July 15, 2024

Vita Nectar

Health is the main investment in life

7 Effective Home Remedies To Prevent Baby’s Mouth Ulcers

11 min read

Mouth ulcers in babies are common and usually clear up on their own. They are small and painful sores that appear on either the inside of the lips, cheeks, and tongue or on the floor of the mouth (1). A study by the University Children’s Hospital of Basel detailed that oral ulcers are prevalent among 9% of children. Having an ulcer can be a painful experience and make the baby cranky. They also give rise to irritation while trying to feed them. Although ulcers are not a serious cause for concern, if the pain and irritation persist and affect the quality of life of your baby, consult your doctor immediately. Read on to know more about the causes, signs, treatment, and prevention of mouth ulcers in babies.

How To Identify Mouth Ulcers?

How to identify mouth ulcers in babies

Image: Shutterstock

 Mouth ulcers in babies exhibit the following typical symptoms (2).

  • A lesioniAbnormality in a tissue of the organism due to physical harm or a disease or a sore with well-defined boundaries.
  • The center of the lesion is likely to be yellow or gray when compared to the surrounding tissue.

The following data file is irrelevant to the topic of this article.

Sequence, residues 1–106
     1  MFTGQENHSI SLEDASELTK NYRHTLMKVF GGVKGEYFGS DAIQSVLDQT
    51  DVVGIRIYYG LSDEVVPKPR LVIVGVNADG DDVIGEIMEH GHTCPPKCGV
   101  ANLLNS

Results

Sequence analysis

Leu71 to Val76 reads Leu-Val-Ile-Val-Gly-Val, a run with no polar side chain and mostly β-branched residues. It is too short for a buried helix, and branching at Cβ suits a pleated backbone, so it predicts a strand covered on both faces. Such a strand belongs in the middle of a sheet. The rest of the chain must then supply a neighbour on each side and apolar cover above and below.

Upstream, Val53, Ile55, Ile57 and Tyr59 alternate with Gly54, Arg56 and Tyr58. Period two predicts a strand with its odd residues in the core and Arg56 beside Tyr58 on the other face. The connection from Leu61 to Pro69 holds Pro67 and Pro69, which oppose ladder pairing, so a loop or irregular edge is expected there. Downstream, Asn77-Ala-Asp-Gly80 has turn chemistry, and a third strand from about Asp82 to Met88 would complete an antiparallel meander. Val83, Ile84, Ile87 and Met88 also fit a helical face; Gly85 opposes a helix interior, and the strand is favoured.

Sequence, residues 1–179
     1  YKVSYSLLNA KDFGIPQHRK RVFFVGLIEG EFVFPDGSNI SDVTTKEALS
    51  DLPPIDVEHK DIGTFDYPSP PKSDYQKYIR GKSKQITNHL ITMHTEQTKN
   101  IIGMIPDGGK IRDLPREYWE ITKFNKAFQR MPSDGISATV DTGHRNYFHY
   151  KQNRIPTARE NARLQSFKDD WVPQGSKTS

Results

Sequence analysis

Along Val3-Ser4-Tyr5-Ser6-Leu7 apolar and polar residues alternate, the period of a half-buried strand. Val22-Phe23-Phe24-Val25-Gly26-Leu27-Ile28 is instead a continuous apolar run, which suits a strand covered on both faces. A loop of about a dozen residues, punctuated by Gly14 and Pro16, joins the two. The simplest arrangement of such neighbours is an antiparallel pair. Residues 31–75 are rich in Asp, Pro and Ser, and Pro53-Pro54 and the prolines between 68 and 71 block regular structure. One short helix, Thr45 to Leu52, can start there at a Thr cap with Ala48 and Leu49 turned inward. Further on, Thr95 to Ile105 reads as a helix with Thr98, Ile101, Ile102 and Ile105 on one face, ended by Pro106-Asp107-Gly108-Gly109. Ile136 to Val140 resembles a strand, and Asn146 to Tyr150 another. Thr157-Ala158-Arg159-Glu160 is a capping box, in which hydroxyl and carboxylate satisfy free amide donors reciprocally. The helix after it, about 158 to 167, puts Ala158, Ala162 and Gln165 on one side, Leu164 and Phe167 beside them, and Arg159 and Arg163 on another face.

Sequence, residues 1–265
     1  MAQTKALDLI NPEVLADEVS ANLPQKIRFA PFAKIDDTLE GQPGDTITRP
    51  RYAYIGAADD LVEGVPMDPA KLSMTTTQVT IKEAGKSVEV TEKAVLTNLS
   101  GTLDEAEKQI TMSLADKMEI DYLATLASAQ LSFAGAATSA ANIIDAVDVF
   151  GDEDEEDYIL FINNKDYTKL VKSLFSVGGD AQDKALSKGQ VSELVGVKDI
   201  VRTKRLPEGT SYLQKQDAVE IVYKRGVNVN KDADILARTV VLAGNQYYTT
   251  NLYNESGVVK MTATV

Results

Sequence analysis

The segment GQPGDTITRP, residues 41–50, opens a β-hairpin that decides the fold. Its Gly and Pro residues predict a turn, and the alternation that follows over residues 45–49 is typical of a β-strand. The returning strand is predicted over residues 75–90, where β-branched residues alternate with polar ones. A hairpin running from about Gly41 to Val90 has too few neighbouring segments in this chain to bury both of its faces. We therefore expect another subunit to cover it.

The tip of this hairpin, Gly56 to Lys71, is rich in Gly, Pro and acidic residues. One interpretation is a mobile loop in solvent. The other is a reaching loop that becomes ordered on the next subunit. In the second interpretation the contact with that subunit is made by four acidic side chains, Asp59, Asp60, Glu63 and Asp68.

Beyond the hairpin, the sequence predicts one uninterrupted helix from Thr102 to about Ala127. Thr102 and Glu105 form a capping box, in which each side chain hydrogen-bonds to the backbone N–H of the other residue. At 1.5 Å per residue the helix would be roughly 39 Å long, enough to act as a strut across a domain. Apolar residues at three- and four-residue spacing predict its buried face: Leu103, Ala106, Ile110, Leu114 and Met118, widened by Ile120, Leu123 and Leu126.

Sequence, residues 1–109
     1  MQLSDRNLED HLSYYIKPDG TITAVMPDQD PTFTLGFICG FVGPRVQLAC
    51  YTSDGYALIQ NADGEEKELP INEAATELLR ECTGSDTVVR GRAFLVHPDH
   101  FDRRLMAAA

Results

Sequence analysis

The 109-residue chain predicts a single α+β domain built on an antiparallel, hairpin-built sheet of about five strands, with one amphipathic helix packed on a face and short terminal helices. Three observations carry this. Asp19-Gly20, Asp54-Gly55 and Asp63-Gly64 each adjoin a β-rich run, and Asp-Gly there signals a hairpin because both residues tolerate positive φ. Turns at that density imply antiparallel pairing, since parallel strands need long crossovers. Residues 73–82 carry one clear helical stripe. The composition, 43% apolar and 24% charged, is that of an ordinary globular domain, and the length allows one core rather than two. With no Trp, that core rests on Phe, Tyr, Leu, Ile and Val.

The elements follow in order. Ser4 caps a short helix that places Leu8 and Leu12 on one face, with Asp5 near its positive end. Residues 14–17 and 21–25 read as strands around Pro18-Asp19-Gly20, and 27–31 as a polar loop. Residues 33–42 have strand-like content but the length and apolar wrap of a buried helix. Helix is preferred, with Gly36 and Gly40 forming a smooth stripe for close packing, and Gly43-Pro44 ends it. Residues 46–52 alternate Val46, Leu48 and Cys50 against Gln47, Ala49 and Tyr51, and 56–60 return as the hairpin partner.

• The ulcer may have a red outline.
  • A mouth ulcer is often tender to touch.
  • There could be redness on the ulcer, and it might occasionally bleed.
  • Babies could exhibit excessive drooling due to an ulcer.

The baby or toddler might have reduced appetite as it would hurt whenever they try to eat and drink.

If you have a doubt about the presence of ulcers in your baby’s mouth, see a pediatrician for an examination.

What Causes Mouth Ulcers In Babies And Toddlers?

Mouth ulcers in babies and toddlers may be caused due to various reasons. Here are a few of the common reasons (1).

  1. Herpes simplex virus (cold sore virus): These ulcers are usually seen in the age group of one to three years. Clusters of up to ten or more ulcers occur together on gums, tongue, and lips. Ulcers are also seen around lips and mouth. They are often accompanied by fever and difficulty in swallowing (1).  Read more about herpes simplex virus.iA virus causing contagious (cold) sores, often around the genitals or the mouth
  1. Canker sores: A type of ulcer commonly seen in babies and toddlers, they are also known as aphthous ulcers or aphthous stomatitis (3). There are a variety of reasons to cause this type of sores. Read more about canker soresiNon-contagious painful sores inside the mouth .
  1. Oral thrush: The candida InfectioniInfection caused by fungal species named Candida albicans, usually affecting the skin and mucous membrane of the oral cavity can cause inflammation, which may result in white-colored ulcers on the inner lips, gums, palate, and tongue (4). Read more about oral thrush.